How do I know if I am done saving for college in my 529 plan?

Brian Canes sent me a question via Twitter, and I couldn’t quite answer it in 140 characters, so I decided to do a blog post about it since I thought it illustrated some important points. His question was:

“How do you calculate a % funded for a 529 account given an account balance and projected college tuition assuming no future contributions?”

In essence, Brian is asking “Am I done saving for college?” It is entirely possible that he is, but in order to decide, we’ll have to make a couple of key assumptions and do a little math.

In order to make this exercise a little more real, let’s use my own personal situation and numbers.

Whitney wants to go to Brigham Young University

WCI columnist Whitney is in 8th grade but has been talking about attending BYU already since she was very small. The 2017-2018 cost of attendance at BYU is $18,430. That’s a ridiculously inflated number for my daughter given tuition is only $5,460, and she’s been well taught in how to be a cheapskate, but that’s what we’ll use. In order to keep things easy, we’ll assume Whitney graduates in just four years, goes straight through, and that during school her 529 will have returns equal to cost of attendance inflation. She just started 8th grade, so she has five years left until she will need $18,430 * 4 = $73,720. We’ll also assume that the entire cost is paid for out of Whitney’s 529, which is most definitely NOT true.

So how much is in her 529? On the day I wrote this (back in August), there was $34,298.82.

Now we’ll need to make two key assumptions. First, we’ll need to make an assumption about investment returns for the next five years, and then we’ll need to make an assumption about the rate of cost of attendance inflation over the next five years. I’m going to use 8% and 5%. If you don’t like those numbers, use your own, but I think they’re reasonable for our situation (aggressive 529 investing and a reasonable rate of tuition increases).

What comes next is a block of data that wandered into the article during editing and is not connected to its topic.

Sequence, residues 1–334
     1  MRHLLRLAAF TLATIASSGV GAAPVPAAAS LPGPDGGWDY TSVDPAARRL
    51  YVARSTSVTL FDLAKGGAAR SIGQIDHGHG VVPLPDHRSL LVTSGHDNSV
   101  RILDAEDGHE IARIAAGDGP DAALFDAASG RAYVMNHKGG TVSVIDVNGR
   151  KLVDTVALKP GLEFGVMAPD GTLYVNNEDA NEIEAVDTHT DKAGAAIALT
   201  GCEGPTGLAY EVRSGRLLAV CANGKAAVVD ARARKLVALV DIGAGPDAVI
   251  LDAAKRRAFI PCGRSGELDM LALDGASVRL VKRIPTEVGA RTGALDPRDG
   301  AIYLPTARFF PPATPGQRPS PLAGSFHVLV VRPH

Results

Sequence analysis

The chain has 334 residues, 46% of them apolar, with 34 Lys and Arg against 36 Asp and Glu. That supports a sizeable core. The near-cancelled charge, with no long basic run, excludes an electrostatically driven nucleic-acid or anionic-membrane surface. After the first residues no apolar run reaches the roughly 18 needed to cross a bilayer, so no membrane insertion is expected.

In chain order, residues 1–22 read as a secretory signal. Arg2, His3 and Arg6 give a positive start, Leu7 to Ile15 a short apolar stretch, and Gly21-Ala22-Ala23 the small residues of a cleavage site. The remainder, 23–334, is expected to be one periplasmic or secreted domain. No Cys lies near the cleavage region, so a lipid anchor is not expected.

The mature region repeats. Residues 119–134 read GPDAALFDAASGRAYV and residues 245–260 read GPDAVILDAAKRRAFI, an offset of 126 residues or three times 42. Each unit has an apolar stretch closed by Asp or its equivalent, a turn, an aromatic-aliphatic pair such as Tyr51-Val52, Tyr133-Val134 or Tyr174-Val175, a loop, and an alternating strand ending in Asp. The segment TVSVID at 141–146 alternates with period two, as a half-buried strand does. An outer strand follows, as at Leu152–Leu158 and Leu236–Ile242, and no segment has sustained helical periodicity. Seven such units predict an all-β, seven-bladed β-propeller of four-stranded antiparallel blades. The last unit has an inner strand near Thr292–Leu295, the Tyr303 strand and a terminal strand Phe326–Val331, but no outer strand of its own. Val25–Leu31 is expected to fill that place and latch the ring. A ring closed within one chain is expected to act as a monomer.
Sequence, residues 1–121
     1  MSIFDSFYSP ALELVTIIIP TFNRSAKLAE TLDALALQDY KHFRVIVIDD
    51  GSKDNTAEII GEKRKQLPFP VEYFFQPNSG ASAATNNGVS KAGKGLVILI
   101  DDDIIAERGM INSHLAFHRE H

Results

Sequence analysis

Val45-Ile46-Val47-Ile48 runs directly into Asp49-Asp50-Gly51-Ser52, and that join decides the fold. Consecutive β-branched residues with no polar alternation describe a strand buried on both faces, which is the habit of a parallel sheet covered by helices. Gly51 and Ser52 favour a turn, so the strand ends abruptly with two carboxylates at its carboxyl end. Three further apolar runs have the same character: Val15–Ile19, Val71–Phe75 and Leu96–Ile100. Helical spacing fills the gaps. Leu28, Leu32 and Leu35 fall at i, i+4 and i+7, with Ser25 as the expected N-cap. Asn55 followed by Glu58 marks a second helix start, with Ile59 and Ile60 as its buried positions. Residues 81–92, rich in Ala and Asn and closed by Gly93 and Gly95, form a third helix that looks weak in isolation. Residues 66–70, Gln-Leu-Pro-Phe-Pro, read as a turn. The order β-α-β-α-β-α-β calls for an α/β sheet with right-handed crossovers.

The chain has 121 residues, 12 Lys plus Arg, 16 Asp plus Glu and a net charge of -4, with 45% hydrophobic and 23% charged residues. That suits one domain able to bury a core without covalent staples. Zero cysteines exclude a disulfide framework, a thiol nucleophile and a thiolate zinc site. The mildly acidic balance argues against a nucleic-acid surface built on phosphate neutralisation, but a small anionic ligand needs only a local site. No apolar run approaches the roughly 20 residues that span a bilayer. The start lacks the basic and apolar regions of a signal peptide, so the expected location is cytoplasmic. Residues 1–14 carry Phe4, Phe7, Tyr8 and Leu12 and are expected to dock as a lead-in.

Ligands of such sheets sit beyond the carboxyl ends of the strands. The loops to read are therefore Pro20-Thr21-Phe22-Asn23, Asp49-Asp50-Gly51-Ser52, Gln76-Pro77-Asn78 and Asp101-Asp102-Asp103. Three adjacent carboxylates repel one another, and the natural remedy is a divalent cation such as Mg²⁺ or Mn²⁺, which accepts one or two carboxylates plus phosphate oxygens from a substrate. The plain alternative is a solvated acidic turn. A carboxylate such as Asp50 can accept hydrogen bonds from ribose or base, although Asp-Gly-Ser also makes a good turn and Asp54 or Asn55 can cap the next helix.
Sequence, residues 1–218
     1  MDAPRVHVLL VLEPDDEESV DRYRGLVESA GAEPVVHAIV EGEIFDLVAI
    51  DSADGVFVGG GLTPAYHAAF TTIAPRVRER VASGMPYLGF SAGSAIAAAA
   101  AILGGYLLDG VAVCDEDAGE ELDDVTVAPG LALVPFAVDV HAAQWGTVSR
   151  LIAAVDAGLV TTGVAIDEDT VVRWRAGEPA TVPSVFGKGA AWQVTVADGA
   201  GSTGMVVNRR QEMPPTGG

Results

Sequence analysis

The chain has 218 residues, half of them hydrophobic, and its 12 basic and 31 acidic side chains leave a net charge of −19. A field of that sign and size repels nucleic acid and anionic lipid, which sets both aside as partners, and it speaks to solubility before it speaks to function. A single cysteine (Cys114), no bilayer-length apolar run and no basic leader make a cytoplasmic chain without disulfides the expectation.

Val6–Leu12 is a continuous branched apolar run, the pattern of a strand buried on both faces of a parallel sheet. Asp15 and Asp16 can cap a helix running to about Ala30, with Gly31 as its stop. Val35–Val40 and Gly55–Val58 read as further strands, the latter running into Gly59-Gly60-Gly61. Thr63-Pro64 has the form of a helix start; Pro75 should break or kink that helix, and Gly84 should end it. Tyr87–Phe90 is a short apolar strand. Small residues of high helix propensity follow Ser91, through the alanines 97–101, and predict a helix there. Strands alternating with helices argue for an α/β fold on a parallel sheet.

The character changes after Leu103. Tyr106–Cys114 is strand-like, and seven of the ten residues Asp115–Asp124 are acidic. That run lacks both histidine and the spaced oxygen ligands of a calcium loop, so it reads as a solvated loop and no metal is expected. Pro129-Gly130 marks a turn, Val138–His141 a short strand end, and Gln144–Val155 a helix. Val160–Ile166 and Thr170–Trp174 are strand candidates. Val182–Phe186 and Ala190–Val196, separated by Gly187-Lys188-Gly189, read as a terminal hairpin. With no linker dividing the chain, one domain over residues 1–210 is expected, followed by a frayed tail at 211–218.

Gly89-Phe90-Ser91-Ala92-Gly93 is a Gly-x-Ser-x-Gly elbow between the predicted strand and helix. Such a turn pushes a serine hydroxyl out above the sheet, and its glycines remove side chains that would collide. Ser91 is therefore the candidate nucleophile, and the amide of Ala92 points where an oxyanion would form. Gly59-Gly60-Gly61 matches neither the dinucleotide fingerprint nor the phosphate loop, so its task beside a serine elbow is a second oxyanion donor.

Calculating Whitney’s 529 plan % funded

Now we’ll plug those numbers into a financial calculator, or my preference, the Excel Future Value function.

Without additional contributions, over the next five years, at 8%, her 529 will grow to

=FV(8%,5,0,-34298.82) = $50,396.22

Meanwhile, the cost of attendance will grow to:

=FV(5%,5,0,-73720) = $94,087.48

So, Whitney’s 529 is $50,396.22/$94,087.48 * 100 = 53.6% funded.

Maren wants to go to the University of Utah

Maren is 2 1/2 years younger than Whitney, about the same height, and in the 5th grade. They have been intense rivals from the time Whitney took scissors to Maren’s arm during her infancy. When Maren found out Whitney wanted to go to BYU, she instantly decided she would spend her undergraduate years at the rival institution, the University of Utah. Let’s repeat the exercise for her using the same assumptions.

University of Utah 2017-2018 Cost of Attendance: $23,444

Maren’s 529 Account Balance: $34,318.63

Calculating Maren’s 529 plan % funded

Without additional contributions, over the next 5 years, at 8%, her 529 will grow to:

=FV(8%,8,0,-34318.63) = $63,521.39

Meanwhile, the cost of attendance will grow from $23,444*4 = $93,776 to:

=FV(5%,8,0,-93776) = $138,549.86

So, Maren’s 529 is $50,396.22/$94,087.48 * 100 = 45.8% funded. Perhaps surprising, given her younger age and equal 529 balance. Picking a more expensive school makes a big difference.

Whitney wants to go to medical school

Whitney has also been talking about going to medical school. If we look at the total burden of her education for both undergraduate (again at BYU) and medical school (at the University of Utah), what percentage of her education is already funded?